At the time of the survey, the State of Idaho was projected to have an approximate $1.5 billion budget surplus for the fiscal year. We asked the public how they feel the money should be spent.
Idahoans were split between three options on the best use of the surplus. Increasing teachers’ pay received the most support (26%), closely followed by giving tax relief to Idahoans (24%), and workforce and affordable housing (23%). Investing in road and bridge maintenance came in a distant fourth (14%) and putting the money into a rainy-day fund received the least support (8%).
Parties are split in their priorities. Republicans favor tax relief (30%) and increasing teachers’ pay (23%). Democrats most favor workforce and affordable housing (34%) and increasing teachers’ pay (33%). Independents favor increasing teachers’ pay (28%) and workforce and affordable housing (26%).
Idahoans are split on the best way to raise teachers’ salaries.The Idaho Legislature recently passed a pay raise for Idaho teachers that is scheduled to increase salaries over the next three years. Some have proposed using the budget surplus to increase teachers’ salaries now all at once. When given a choice between these two options, half (50%) favored salaries increasing slowly over the three-year period while 44% favored increasing salaries all at once. The immediate increase has the highest support among Democrats (66%), while a majority of Republicans (60%) favor a slower increase. Independents are split between the two options, with 45% favoring immediate increases and 47% preferring the slower timeline.
Another budget surplus proposal under consideration is to use it to pay down $225 million in debt that the State of Idaho has on properties around the state, under the rationale that doing so early would save at least $80 million in interest payments over the life of the loan. We asked Idahoans if they would favor or oppose this proposal. Results suggest strong support, with 71% indicating they would favor using the budget surplus in this manner and only 16% opposed.
As we did last year, we asked Idahoans which type of tax reduction would provide the most help to Idahoans if the budget surplus is used to provide tax relief. Idahoans were split between property taxes (38%) and income tax (37%), a four point increase for property taxes over last year and a five point decrease for income taxes. Sales tax was a distant third (20%). Property tax was the highest response among all political parties, with 41% of Republicans, 44% of Democrats, and 36% of Independents identifying it as the best tax relief option.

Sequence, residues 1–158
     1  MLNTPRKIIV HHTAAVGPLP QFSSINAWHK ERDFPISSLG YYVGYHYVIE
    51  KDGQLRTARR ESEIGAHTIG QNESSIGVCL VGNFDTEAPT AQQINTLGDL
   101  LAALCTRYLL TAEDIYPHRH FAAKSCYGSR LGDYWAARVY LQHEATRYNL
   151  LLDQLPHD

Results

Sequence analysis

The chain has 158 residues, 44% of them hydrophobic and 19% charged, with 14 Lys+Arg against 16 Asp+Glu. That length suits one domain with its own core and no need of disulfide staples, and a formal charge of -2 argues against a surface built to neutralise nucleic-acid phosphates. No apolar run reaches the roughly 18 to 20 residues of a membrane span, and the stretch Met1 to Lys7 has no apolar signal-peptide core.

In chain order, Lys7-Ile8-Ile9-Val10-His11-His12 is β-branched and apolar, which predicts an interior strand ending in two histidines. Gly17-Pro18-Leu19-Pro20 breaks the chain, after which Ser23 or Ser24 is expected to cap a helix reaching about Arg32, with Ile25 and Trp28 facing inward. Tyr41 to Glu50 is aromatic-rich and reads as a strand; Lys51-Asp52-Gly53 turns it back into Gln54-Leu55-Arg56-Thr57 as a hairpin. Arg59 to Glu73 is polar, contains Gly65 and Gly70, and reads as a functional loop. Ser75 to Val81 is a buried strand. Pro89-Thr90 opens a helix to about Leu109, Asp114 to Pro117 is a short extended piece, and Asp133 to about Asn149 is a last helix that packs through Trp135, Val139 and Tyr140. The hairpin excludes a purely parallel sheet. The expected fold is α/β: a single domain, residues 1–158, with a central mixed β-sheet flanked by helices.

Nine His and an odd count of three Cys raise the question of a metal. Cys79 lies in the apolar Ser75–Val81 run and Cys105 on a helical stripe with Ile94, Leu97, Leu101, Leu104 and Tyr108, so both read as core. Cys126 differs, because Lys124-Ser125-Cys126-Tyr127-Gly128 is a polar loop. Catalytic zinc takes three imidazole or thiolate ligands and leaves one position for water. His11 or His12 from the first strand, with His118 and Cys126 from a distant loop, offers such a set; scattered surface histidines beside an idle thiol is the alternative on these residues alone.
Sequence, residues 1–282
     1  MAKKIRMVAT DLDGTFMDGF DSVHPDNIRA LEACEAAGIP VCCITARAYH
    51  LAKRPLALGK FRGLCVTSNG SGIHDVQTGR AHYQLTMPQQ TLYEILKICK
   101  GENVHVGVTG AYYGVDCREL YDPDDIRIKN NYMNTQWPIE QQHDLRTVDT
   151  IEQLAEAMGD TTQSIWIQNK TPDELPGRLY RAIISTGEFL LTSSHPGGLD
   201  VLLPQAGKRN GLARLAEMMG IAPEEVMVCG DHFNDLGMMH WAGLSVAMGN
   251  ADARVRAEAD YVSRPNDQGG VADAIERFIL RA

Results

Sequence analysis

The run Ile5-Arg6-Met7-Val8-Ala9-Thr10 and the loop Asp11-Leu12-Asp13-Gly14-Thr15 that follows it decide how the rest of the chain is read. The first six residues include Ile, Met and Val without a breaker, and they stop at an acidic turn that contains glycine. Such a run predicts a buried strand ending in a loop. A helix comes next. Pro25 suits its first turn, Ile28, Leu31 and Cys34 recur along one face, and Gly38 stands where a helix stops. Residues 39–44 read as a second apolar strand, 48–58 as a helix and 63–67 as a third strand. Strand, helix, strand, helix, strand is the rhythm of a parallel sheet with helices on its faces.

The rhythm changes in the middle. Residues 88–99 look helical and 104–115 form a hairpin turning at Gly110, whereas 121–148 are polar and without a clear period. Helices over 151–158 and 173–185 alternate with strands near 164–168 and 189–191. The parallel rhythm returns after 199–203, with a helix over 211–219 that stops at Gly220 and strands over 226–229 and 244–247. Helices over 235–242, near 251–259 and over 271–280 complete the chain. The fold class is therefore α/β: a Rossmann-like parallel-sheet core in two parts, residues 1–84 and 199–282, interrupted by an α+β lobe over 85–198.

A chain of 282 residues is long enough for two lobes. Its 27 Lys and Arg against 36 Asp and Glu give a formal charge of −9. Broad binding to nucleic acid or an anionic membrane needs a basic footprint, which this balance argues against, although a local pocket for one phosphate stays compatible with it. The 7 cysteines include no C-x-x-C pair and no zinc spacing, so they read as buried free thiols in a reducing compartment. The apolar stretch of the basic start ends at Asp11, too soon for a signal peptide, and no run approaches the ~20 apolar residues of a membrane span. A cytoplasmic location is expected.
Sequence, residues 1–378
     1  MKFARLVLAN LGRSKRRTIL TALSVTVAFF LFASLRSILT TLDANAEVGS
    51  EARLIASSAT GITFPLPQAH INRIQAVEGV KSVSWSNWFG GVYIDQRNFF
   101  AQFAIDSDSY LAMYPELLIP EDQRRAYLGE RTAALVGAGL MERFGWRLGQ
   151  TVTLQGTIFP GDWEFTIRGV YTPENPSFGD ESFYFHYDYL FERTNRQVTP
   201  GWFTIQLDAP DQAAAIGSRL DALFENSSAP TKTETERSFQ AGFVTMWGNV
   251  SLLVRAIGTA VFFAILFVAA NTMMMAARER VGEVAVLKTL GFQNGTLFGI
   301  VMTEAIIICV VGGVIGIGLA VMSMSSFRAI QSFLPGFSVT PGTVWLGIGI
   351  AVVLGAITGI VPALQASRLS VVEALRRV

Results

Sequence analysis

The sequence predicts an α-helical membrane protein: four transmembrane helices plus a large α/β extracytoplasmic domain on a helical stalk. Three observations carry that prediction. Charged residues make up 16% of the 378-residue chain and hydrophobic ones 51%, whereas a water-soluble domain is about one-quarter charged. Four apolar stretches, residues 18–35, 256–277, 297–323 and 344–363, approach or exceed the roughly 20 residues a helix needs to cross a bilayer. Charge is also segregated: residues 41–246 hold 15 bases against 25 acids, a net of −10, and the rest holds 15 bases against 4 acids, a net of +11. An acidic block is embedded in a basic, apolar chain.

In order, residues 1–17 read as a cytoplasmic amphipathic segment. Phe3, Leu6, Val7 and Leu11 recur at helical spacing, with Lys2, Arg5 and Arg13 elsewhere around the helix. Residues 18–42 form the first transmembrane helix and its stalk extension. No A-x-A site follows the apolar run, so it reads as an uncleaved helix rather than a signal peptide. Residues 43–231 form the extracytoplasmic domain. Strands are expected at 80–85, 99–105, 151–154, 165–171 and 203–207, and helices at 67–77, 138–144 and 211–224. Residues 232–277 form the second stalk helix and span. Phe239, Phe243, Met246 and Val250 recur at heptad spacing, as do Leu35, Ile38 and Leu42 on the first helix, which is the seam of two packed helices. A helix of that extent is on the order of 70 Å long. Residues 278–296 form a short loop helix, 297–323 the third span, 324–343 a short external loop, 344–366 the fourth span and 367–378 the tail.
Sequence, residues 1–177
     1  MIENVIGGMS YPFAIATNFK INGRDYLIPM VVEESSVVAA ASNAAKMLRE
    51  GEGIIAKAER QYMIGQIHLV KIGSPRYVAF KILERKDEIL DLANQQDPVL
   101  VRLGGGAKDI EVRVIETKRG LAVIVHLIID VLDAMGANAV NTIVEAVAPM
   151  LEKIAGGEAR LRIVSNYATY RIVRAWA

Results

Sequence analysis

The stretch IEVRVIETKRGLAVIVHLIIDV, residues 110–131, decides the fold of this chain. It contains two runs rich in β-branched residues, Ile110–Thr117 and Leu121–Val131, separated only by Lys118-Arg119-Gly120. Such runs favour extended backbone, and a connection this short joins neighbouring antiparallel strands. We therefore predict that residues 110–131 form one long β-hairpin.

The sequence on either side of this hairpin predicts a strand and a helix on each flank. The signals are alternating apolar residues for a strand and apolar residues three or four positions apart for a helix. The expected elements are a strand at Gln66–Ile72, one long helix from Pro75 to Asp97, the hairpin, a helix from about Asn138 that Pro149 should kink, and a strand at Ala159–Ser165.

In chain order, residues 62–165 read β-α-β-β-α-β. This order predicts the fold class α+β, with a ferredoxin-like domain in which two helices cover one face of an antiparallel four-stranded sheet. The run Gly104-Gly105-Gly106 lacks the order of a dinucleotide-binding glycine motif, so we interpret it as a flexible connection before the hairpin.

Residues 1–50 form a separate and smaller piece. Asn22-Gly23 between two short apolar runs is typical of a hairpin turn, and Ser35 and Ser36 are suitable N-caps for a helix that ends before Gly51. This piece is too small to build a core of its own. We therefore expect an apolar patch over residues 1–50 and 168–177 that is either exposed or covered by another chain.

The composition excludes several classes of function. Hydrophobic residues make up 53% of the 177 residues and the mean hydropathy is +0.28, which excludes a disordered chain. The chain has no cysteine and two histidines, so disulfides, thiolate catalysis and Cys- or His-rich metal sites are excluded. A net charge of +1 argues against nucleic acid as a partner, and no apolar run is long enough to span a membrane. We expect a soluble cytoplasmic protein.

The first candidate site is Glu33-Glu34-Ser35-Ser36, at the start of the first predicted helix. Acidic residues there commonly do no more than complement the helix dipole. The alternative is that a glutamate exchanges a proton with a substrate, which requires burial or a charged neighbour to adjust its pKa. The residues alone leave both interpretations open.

Not surprisingly, home ownership also influenced responses. Property tax was the most frequent response among those who own their home (44%), while renters strongly favored income tax relief (50%) over property tax relief (22%).
Increasing concern over property taxes is evident in other areas of the survey. We asked Idahoans whether they thought that property taxes in Idaho are too high, too low, or about right. Last year Idahoans were fairly split between too high and about right. This year more Idahoans (46%) think they are too high, a five-point increase. Few (1%) think they are too low, while 41% think they are about right, a three-point decline over last year. Canyon County (58%) and Twin Falls County (57%) are the areas of the state with the highest levels of property tax concern, with more than half of their respondents indicating they are too high.
Property taxes are a complex subject. In Idaho, they serve as local governments’ primary revenue source and while local governments set property taxes through their budgeting process, they do so under the rules and parameters set by the state. This interrelationship makes addressing property tax levels complicated. With so many Idahoans indicating property taxes are a concern, we were interested in learning more about whose responsibility they consider them. We asked, based on what they know, who is primarily responsible for the rate or level of property taxes in Idaho. A majority of Idahoans (54%) believe that city and county governments are responsible, while 30% believe the responsibility lies with the state government. About 16% are not sure. Republicans (52%) and Independents (56%) are most likely to assign responsibility to city and county governments, while Democrats were more split between cities and counties (44%) and the state (41%).